LBSS 04: Introducing Yourself in Sinhala [AUDIO TUTORIAL]

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learn sinhala podcast - session 4

In this session I do an Audio Tutorial on Introducing Yourself in Sinhala

You’ll need to listen to the first Audio Tutorial (Session 02) in order to understand this one better.

This is the 4th session of the Lazy But Smart Sinhala Podcast and in this you will learn:

  • The possessives of some pronouns we already saw
  • 2 easy ways to introduce yourself
  • How to ask someone their name
  • How to say “thank you” and “I’m fine, thank you”

And like in the previous Audio Tutorial, at the end of the session we’ll go through a sample dialogue between you and me and I’ll ask you some questions on the material we just covered.

 

(Click on the video below to watch the Video Tutorial version of this post):

Sinhala Video Tutorial - Ep-02

 

Key Sinhala Words and Phrases Used In This Session

Section 1: Basic Possessives of Personal Pronouns

Words:

o∙yaa∙géInformal “your”
é∙yaa∙gé“his/her”
ma∙gé“my”
mi∙ni∙ha“man” / “the man”
mi∙ni∙ha∙gé“man’s” / “the man’s”
bal∙la“dog” / “the dog”
bal∙la∙gé“dog’s” / “the dog’s”

 

Section 2: 2 Ways to Introduce Yourself in Sinhala

Words:

na∙mȧ“name”

Phrases:

ma∙gé   na∙mȧ   [‘Dilshan’]“My name (is) [Dilshan]”
o∙yaa∙gé   na∙mȧ   [‘Dilshan’]“Your name (is) [Dilshan]”
é∙yaa∙gé   na∙mȧ   [‘Dilshan’]“His/her name (is) [Dilshan]”
ma∙mȧ   [‘Dilshan’]“I (am) [‘Dilshan’]
o∙yaa   [‘Dilshan’]“You (are) [‘Dilshan’]
é∙yaa   [‘Dilshan’]“He/she (is) [‘Dilshan’]

 

 

Section 3: Asking Someone Their Name

Words:

mo∙kak∙dhȧ?“what?”

Phrases:

o∙yaa∙gé   na∙mȧ   mo∙kak∙dhȧ?“What (is) your name?”
é∙yaa∙gé   na∙mȧ   mo∙kak∙dhȧ?“What (is) his/her name?”
ma∙gé   na∙mȧ   mo∙kak∙dhȧ?“What (is) my name?”

 

Section 4: The word for “Thank You” in Sinhala

Words:

is∙thoo∙thi“Thank you”

Phrases:

ma∙mȧ   hoňdin in∙nȧ∙va,   is∙thoo∙thi“I (am) fine, thank you”
hoňdin in∙nȧ∙va,   is∙thoo∙thi“Fine, thank you””

 

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Don’t forget to post all your comments & questions in the section below. And also, please feel free to share this around (just use any of the social media buttons). Thanks!

 

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10 Responses to LBSS 04: Introducing Yourself in Sinhala [AUDIO TUTORIAL]

  1. jis August 15, 2013 at 09:40 #

    Thank you for the lesson again. I was wondering whether in Sinhala the plural form of I and He which are We and They exist or not. If they do, please state’em.

  2. Thaniyo December 27, 2013 at 11:35 #

    Thanks for the lesson.
    I am still hoping to get the ebook with Sinhala phrases???
    If you sent me one I would really really really be grateful.

    is thoo thi

  3. Sara G May 2, 2017 at 01:42 #

    Hey Dilshan:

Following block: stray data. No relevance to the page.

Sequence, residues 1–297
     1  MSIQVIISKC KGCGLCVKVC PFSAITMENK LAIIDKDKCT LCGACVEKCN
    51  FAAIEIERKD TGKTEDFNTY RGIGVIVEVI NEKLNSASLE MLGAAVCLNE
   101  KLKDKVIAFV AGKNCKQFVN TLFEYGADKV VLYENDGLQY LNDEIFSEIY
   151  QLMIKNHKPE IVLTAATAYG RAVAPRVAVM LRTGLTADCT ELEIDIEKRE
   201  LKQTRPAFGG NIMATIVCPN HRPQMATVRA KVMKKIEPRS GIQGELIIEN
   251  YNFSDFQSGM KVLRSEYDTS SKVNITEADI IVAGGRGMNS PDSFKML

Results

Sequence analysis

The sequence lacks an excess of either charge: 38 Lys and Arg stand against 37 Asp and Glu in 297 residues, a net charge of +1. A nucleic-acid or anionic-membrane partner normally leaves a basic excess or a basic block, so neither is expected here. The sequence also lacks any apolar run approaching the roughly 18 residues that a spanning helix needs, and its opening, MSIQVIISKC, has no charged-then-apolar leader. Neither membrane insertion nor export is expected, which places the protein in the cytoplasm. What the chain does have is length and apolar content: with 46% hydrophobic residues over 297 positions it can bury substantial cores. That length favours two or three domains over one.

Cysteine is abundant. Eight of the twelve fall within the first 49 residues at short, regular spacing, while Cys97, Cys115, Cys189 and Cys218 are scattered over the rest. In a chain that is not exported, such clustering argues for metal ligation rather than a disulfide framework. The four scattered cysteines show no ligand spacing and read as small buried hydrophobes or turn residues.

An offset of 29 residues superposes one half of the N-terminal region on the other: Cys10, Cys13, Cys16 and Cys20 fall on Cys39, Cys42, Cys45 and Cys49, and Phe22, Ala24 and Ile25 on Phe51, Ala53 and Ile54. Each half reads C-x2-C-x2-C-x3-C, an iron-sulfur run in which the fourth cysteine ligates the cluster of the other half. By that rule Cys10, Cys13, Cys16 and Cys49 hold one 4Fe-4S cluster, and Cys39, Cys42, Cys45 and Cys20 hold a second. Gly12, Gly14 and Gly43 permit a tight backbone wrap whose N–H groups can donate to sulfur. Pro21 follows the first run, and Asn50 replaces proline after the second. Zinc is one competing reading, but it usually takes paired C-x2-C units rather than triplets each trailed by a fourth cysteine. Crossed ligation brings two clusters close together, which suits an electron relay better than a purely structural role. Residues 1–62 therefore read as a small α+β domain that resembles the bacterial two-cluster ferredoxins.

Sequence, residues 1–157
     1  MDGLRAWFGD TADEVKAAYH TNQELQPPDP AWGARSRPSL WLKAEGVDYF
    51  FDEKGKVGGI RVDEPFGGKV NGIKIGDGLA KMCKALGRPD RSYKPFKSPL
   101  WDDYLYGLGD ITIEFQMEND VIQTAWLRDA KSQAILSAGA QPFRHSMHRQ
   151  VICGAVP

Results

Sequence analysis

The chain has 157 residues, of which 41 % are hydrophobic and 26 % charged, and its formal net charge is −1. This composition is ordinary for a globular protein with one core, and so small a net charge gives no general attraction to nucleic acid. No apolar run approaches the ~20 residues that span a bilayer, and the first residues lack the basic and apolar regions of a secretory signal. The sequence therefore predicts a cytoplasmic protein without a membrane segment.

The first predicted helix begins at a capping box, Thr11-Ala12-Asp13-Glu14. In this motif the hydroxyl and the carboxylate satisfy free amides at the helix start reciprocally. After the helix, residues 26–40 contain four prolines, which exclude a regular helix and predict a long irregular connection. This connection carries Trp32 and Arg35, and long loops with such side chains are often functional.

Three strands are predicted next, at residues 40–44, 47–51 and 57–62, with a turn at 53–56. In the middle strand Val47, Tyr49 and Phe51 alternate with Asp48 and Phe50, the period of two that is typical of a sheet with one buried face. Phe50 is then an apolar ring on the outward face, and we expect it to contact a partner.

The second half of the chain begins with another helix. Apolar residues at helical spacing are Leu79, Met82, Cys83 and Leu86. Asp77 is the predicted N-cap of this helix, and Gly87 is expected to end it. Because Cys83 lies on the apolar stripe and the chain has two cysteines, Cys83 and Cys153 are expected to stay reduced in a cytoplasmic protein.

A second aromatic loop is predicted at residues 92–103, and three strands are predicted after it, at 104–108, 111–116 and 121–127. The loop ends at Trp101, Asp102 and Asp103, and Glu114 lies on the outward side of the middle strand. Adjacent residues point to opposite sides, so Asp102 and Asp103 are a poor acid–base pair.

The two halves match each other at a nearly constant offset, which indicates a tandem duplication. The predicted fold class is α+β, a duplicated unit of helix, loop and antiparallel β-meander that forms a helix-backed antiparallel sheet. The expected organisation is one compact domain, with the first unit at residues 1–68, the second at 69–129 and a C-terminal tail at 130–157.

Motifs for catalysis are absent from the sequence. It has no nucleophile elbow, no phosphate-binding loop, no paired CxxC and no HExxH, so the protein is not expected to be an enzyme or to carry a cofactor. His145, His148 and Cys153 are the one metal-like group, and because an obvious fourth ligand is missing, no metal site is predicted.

We exchanged a few emails. My name is Sara, and I’m moving to Sri Lanka in the coming month after an initial vacation there where I met a Sri Lankan man with great hair. (You still never told me how so many Sri Lankan guys have such great hair :-0.) Anyhow, I understand that the English words for the verb “to be,” are implied, but, do they exist at all? Even though they aren’t used in Sinhala, I’d still like to know. So, if they exist, what ARE the Sinhala words for “are, am, is?” My second question deals with adding “ge” to affirm possession. Like we can do this with “bala,” or “eyaa,” or “oyaa,” can we do this with a proper name? For example, can we say, Dilshange to say Dilshan’s?

    Thanks Dilshan.

    Sara

    • Dilshan Jayasinha July 15, 2017 at 23:47 #

      Hi Sara,

      In spoken Sinhala it usually appears as a suffix. Example:

      “tall” = u∙sȧ
      “is tall” = u∙sayi

      See what I mean?

      And yes, we can affirm possession with proper names in the same way (e.g. “Dilshan∙gé” or “Sara∙gé”)

      Makes sense?

  4. Sara G May 2, 2017 at 01:56 #

    Oh, and let me say that the 1500 Word and Phrase Book is a steal at 25 bucks. You’re doing a great thing for folks. LAST QUESTIONS: Is there a Sinhala word for “weird?” Apologies if this is IN the book and I missed it/haven’t gotten there yet.

    And, have you considered starting a Facebook group for your students/followers?

    • Dilshan Jayasinha July 15, 2017 at 23:48 #

      Hi again Sara,

      “weird” as an adjective is a∙mu∙thu

      And to say someone or something is weird you’d say “a∙mu∙thuyi” (pretty much in line with my answer to your comment above).

  5. Sara G May 2, 2017 at 02:08 #

    PS: I’m being purposefully reductive by saying my love interest simply has great hair for the sake of silly humor. I hope that’s coming through. It’s incredibly more profound and deep than that, obviously.

    :::Closes laptop for the day:::

    • Dilshan Jayasinha July 15, 2017 at 23:49 #

      I got it, Sara. In fact we all got it. You’re madly in love with your guy and he has gorgeous hair. Go enjoy being in love, you crazy kids…

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